These trajectory swarms show, both individually and collectively, that this was not a storm having an overabundance of water vapor with which to create anomalous snowfall. True, these values evince the moisture available to a typical wintertime storm, but the trajectories do not originate over regions with abundant moisture, nor do the parcels have much of a life history of near saturation. Given that the relative humidity is a temperature dependent variable, we also offer as additional evidence the precipitable water (12.3 mm) from the 0000 UTC 12 January 2004 sounding from Buffalo, NY (Figure 9). This value falls within the first standard deviation and is approximately half of the all-time maximum for that date in Buffalo (NOAA [35]).

Figure 9: Skew-   thermodynamic diagram of temperature (solid right, °C) and dew point (solid left, °C), based on radiosonde observations from Buffalo, NY (KBUF), valid at 0000 UTC 12 January 2004. Wind barbs are in standard plotting convention (flag = 25 m s−1, full feather = 5 m s−1, half feather = 2.5 m s−1). Diagram courtesy of University of Wyoming.

We close the trajectory analysis by noting that the last 12–24 hours of each trajectory swarm, when viewed together, reveals a veering wind profile. This signature corroborates the idea of deep warm advection as a forcing mechanism for ascent. Yet, the previous analyses, as well as the trajectories themselves, suggest modest synoptic-scale ascent values. This idea, coupled with typical atmospheric moisture values, would tend to suggest a less significant storm, with accumulations of the expected 8 to 15 cm range (e.g., Thomas and Martin [2]). Thus we turn to analyses of lake influence and static stability to determine a possible means of enhanced mesoscale upward motion in this system.

3.4. Potential Great Lakes Influences

The snowband’s location invokes the possibility of lake enhancement of the precipitation. The NARR 3-hour precipitation (Figure 10) matches well with the previous snowfall maps (see Figures 2(a)-2(b)). There is some question of lake-enhanced precipitation. Within the NARR, a precipitation band aligned along and parallel to the southern shore of Lake Erie. There, maximum 3-hour values of 2.5 mm were generated, ending at 0300 UTC 12 January 2004. Yet it is clear that the bulk of the NARR precipitation accumulation is transient, borne of larger-scale forcing. To underscore this point, the NARR sensible heat flux (Figure 11) and latent heat flux (Figure 12) at 0000 UTC 12 January 2004 match well with typical January values in the region (NOAA [36]). Significant lake contributions were unlikely.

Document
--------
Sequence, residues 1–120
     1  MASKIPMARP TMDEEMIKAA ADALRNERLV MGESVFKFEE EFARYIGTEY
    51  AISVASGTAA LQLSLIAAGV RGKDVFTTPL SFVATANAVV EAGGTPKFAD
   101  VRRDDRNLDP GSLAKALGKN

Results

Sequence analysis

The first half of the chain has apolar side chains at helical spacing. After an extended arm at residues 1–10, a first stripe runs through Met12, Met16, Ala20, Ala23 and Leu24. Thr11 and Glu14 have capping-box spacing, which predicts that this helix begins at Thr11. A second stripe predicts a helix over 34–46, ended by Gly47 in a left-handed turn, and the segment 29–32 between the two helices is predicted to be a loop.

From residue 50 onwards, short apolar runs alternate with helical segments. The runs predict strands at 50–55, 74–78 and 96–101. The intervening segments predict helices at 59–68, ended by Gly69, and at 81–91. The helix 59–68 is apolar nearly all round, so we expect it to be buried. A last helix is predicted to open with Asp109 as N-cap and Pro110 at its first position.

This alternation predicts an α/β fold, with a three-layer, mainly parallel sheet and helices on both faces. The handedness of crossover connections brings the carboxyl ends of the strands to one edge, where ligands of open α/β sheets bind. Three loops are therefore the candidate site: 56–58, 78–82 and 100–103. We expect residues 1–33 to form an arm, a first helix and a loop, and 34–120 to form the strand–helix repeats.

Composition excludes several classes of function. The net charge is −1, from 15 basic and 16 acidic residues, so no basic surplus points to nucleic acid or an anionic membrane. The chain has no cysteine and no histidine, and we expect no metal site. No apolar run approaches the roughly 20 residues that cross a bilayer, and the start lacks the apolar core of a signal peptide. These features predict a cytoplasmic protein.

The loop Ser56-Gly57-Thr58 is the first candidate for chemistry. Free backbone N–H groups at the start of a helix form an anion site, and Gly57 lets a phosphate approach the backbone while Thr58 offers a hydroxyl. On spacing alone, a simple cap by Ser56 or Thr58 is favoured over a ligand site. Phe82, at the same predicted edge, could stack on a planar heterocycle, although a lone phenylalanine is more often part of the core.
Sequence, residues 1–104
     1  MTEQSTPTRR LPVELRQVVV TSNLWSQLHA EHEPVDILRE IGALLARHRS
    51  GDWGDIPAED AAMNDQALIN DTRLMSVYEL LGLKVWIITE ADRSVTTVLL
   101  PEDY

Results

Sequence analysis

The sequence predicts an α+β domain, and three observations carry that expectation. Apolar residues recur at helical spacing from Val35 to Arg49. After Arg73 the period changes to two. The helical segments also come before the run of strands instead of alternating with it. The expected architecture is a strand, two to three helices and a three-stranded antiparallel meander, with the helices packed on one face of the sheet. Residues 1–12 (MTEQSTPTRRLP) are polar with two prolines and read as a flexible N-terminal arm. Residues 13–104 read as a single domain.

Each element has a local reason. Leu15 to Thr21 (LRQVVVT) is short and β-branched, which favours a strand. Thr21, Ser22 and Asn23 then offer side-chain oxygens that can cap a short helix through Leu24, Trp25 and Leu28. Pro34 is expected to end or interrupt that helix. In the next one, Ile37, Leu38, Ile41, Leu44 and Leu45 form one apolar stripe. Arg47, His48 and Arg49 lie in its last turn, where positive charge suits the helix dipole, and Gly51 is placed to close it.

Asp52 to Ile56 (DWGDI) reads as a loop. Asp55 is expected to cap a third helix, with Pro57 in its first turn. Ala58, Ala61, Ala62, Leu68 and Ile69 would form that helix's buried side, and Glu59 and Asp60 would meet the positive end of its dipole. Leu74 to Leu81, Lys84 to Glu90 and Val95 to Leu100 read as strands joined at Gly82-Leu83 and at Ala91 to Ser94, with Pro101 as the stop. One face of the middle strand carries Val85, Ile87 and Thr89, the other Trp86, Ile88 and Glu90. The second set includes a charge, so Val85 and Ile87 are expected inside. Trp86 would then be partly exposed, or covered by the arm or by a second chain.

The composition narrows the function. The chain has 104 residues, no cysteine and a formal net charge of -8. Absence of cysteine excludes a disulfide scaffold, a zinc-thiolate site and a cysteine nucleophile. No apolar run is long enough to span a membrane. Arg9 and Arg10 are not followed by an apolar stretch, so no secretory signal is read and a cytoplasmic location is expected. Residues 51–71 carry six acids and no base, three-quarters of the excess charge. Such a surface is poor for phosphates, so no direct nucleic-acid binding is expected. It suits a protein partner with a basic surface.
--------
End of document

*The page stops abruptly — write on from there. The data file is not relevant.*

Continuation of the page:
Figure 10: 3-hour accumulated liquid precipitation (solid, mm) in the NARR for the period ending at 0300 UTC 12 January 2004.
Figure 11: Sensible heat flux (solid,  W m−2) in the NARR at 0300 UTC 12 January 2004.
Figure 12: Latent heat flux (solid,  W m−2) in the NARR at 0300 UTC 12 January 2004.
3.5. Instability

In the absence of significant lake surface influences and in the presence of fairly typical moisture profiles, we look to the thermodynamic profiles to assess instability as a mechanism for generating anomalously large snowfall totals. We will look first at the NARR soundings in the 0000 UTC to 0600 UTC 12 January 2004 time frame. Being constructed with its 4D assimilation method, the NARR reanalyses retain continuity with the preceding analyses in this study.

Of the times examined, the 0600 UTC 12 January 2004 NARR sounding for Buffalo, New York, (Figure 13(a)) was the least statically stable of the group. The NARR soundings for Buffalo immediately prior (0000 UTC and 0300 UTC, not shown) are less impressive, having lifting parcel levels of 650 hPa (both), Lifted Index values (Lifted Index is the algebraic difference between the temperature of a adiabatically lifted parcel (based on a near-surface mixed layer) and that of the environment at 500 hPa; positive values indicate a parcel that is cooler than the environment, indicating static stability) of +4 (0000 UTC) and +2 (0300 UTC), and 700–500-hPa lapse rates of 5.7 K km−1 (0000 UTC) and 6.4 K km−1 (0300 UTC). However the 0600 UTC sounding is quite similar to the model suggested by Market et al. [37] for midwestern United States convective snow cases, with a Lifted Index of 0, and a 700–500-hPa lapse rate of 7.2 K km−1. However, no most unstable convective available potential energy (MUCAPE) is diagnosed at any of these times.

Figure 13

It is worth noting that an experimental run with the Weather Research and Forecasting (WRF; Skamarock and Klemp [38]) model for this event produced a sounding profile (Figure 13(b)) for Buffalo at 28 hours (0400 UTC 12 January 2004) that was quite similar to the NARR output at 0600 UTC (Figure 13(a)). This 13-km hydrostatic solution identified 46 J kg−1 of MUCAPE for a parcel lifted from 675 hPa. All of the soundings shown herein point to an atmosphere conducive to lightning, which was observed. Thus the release of midlevel potential instability occurred to aid in both lightning generation and snow production.

3.6. Radar

The 1758 UTC 11 January 2004 0.5° elevation radar reflectivity image from the Buffalo NWS (Figure 14(a)) indicates generally light precipitation falling over the western end of Lake Ontario and the adjacent south shore, but nothing in or around Buffalo. Radar returns were also present between Rochester and Syracuse, well to the east of the radar’s location. The 2058 UTC image (Figure 14(b)) has light to moderate snowfall over western New York, with maximum reflectivity values on the order of 30 dBZ over the Niagara Peninsula and western Lake Erie.